Shadows of Angels review – Edinburgh Festival Fringe ★★★★☆

2 mins read

Shadows of Angels, from Anglesea Performing Arts is an Australian piece of theatre, based on real events of the 1920s.

Four female actors each relay a monologue, describing their character’s actions on one day, and their reminiscences of related events in the past. 

We are in an Australian inner-city – probably Sydney – in its slums and shacks, rather than its neat Federation Architecture homes. 

The skill here lies in the fact that the story unravels slowly, across all four monologues. Facts are revealed by one person, and further context given by another. 

There are also plenty of twists. Just as you think you’ve understood everything, a surprise awaits.

I don’t want to say too much about the specifics of the plot. To do so would, in this instance, inevitably lead to spoilers. 

Thematically, this is about crime, sex work, the impossible decisions women are forced into due to the actions of men, and extremely toxic masculinity. 

The acting here is superb. Each member of the cast takes their turn in the spotlight and leads us through their understanding of this day’s events.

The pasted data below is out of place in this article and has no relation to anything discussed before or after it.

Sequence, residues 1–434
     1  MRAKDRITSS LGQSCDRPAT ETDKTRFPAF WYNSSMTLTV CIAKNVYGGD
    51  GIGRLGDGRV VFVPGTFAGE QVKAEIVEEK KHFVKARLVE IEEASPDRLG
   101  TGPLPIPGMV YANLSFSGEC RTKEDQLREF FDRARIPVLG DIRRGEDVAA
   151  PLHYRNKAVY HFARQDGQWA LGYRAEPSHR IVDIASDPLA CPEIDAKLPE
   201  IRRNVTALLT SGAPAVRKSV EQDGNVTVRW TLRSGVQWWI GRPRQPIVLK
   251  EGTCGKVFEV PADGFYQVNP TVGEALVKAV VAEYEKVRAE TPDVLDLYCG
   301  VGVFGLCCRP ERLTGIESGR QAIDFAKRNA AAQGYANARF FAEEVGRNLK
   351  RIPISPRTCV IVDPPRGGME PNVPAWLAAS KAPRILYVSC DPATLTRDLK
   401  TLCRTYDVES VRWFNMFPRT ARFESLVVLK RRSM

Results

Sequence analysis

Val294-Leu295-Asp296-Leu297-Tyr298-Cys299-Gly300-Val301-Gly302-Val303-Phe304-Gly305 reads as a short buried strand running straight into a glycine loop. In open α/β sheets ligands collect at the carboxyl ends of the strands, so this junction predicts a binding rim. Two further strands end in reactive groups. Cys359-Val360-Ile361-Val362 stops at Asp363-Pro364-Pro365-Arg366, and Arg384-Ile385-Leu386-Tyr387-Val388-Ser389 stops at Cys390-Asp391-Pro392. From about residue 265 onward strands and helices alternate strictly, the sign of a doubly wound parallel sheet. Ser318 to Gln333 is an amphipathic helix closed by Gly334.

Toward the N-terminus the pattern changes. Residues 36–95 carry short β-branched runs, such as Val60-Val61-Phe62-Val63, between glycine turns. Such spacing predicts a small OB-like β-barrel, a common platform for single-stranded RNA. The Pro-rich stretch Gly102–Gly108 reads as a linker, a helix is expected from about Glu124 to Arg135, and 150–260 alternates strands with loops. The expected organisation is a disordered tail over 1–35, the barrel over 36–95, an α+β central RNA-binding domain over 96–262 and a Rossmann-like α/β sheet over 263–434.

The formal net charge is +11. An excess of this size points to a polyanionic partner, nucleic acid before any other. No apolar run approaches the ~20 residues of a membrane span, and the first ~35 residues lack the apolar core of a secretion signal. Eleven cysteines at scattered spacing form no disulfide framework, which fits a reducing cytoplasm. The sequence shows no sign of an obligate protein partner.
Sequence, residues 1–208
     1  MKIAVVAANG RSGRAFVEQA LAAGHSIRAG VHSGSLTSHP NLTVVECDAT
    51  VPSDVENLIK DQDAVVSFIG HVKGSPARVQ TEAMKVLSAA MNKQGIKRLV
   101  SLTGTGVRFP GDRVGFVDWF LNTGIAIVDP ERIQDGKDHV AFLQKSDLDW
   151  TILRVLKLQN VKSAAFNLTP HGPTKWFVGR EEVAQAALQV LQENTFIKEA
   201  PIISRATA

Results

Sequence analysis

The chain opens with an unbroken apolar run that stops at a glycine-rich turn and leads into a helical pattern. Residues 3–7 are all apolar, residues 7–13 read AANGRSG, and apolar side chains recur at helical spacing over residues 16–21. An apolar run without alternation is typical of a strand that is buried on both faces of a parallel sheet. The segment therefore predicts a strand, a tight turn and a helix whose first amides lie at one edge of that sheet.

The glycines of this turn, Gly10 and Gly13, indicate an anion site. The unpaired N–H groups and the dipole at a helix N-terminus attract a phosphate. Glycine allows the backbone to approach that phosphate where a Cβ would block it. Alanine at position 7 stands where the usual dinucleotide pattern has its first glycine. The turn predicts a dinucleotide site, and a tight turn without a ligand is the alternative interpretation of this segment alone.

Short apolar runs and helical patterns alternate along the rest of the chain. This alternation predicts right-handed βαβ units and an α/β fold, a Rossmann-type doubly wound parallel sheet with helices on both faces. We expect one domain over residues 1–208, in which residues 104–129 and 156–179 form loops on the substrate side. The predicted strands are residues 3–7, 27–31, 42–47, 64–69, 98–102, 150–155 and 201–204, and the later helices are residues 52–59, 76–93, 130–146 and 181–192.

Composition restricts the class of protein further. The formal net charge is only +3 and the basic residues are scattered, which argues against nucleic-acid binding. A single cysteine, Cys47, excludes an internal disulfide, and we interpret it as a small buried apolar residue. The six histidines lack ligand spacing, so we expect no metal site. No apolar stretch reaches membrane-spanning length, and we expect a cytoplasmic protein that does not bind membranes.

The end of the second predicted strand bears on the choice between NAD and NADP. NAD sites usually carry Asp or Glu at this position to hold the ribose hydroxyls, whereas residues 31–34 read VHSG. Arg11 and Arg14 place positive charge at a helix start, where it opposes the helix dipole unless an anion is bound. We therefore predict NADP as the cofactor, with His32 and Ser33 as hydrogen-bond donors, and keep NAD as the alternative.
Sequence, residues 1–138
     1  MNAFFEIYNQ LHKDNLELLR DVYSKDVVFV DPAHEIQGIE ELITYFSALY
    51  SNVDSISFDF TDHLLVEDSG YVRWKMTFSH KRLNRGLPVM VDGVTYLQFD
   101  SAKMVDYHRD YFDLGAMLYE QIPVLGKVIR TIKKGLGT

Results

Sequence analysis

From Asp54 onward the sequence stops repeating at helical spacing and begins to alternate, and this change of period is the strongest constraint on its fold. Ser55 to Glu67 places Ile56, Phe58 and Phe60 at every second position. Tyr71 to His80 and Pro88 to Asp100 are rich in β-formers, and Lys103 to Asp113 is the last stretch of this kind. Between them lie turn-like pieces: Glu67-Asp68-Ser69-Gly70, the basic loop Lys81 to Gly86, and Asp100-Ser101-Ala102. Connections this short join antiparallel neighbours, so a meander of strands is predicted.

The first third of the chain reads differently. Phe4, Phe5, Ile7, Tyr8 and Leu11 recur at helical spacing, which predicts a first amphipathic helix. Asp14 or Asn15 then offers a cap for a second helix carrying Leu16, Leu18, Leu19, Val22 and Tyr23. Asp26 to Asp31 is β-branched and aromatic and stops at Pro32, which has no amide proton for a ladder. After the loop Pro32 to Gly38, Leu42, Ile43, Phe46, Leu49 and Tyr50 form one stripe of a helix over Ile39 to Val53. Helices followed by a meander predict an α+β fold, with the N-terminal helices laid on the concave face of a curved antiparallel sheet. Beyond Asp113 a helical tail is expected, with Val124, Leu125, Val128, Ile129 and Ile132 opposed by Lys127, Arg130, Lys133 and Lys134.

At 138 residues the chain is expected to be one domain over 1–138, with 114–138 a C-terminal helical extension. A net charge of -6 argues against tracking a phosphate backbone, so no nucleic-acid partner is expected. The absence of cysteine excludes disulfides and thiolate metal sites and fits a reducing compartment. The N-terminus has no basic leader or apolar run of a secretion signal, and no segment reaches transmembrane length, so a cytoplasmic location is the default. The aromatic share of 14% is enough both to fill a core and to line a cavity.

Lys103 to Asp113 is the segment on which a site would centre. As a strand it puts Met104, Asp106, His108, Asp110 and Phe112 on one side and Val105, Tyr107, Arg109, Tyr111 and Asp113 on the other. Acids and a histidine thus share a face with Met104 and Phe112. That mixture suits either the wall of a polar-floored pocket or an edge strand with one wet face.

The script is incredibly well put together. Scenes follow on from each other, and therefore avoid over-repetition. They show us enough of the differing perspectives on the same actions to allow us to see the uncertainties, the contradictions. 

There was one plot element that caused slight confusion, around the last of the characters we see and their fate. I would have liked the reasons for this occurrence to have been more fully explained.

Although conclusions could be inferred with some thought, this could have been made clearer. 

Final Thoughts

Overall, this is an engaging, thoughtful piece of theatre, that also contains a prescient warning from history of circumstances some would like us to return to.

Shadows of Angels performance schedule has already concluded. I saw the last performance at the 2023 Fringe, but should it be revived, this is strongly recommended. 

Featured Image Credit: Edinburgh Fringe / Anglesea Performing Arts

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